• Journal Article

Prospective study of time to pregnancy and adverse birth outcomes


Wise, L. A., Mikkelsen, E. M., Sorensen, H. T., Rothman, K., Hahn, K. A., Riis, A. H., & Hatch, E. E. (2015). Prospective study of time to pregnancy and adverse birth outcomes. Fertility and Sterility, 103(4), 1065-1073.e2. DOI: 10.1016/j.fertnstert.2015.01.024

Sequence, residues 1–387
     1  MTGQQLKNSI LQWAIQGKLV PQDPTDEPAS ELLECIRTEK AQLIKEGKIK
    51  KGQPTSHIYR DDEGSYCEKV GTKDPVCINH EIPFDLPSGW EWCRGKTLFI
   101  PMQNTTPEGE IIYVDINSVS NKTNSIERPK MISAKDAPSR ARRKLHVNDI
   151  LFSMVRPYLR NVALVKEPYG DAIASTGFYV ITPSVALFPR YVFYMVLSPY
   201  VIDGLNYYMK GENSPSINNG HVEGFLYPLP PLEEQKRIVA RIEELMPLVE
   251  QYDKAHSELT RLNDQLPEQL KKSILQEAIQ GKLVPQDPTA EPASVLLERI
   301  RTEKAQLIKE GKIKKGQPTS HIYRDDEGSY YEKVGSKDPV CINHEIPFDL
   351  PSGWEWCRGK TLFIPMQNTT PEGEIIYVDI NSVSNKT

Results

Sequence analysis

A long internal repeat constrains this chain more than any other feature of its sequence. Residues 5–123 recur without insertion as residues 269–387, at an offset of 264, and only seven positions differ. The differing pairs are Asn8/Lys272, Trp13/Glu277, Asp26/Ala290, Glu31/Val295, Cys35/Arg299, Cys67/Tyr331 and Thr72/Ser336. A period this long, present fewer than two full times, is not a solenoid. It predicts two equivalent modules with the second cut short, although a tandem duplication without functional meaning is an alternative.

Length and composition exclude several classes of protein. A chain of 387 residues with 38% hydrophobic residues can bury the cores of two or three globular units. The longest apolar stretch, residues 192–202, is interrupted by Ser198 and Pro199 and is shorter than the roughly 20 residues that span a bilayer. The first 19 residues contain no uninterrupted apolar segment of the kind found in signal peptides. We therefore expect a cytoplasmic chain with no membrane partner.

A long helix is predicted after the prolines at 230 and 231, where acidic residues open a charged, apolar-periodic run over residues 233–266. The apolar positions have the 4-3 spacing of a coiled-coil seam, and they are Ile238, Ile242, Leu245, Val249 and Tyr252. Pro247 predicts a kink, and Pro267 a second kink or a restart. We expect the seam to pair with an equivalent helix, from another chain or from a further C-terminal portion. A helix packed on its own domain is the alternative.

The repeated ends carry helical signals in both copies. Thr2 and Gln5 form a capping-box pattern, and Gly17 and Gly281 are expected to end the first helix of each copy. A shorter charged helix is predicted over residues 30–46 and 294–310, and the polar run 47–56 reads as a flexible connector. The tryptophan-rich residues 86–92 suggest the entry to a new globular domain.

OBJECTIVE: To investigate the association between time to pregnancy (TTP) and adverse birth outcomes. DESIGN: Prospective cohort study. SETTING: Not applicable. PATIENT(S): A total of 3,521 singletons born to women aged 18-40 years at cohort entry. INTERVENTION(S): None. MAIN OUTCOME MEASURE(S): Selected birth outcomes, including preterm birth (PTB, <37 weeks' gestation), low birth weight (<2,500 g), small for gestational age, large for gestational age, and placental disorders, ascertained from the Danish Medical Birth Registry and Danish National Registry of Patients. Risk ratios (RRs) and 95% confidence intervals (CIs) were estimated using log-binomial regression, with adjustment for potential confounders and fertility treatment. RESULT(S): Multivariable RRs for PTB in relation to TTP of 3-5, 6-11, and >/=12 vs. <3 cycles were 1.59 (95% CI 0.94-2.69), 0.85 (95% CI 0.48-1.50), and 1.57 (95% CI 0.93-2.65). The association was slightly stronger for spontaneous PTB (TTP >/=12 vs. <3 cycles: RR 1.69, 95% CI 0.84-3.42) than for medically indicated PTB (RR 1.39, 95% CI 0.62-3.12). Longer TTPs (>/=12 cycles) were associated with increased risks of low birth weight (RR 1.80, 95% CI 0.97-3.35), cesarean delivery (RR 1.64, 95% CI 1.27-2.12), placental disorders (RR 2.21, 95% CI 1.07-4.56), ischemic placental disease (RR 1.56, 95% CI 0.99-2.44), pre-eclampsia (RR 1.45, 95% CI 0.79-2.65), and postpartum hemorrhage (RR 1.58, CI 1.14-2.19), and decreased risks of macrosomia (>/=4,500 g; RR 0.63, 95% CI 0.35-1.13) and large for gestational age (RR 0.76, 95% CI 0.58-1.00). Longer TTP showed little association with small for gestational age. CONCLUSION(S): In a prospective cohort study of Danish pregnancy planners, delayed conception was a marker for adverse birth outcomes, after accounting for fertility treatment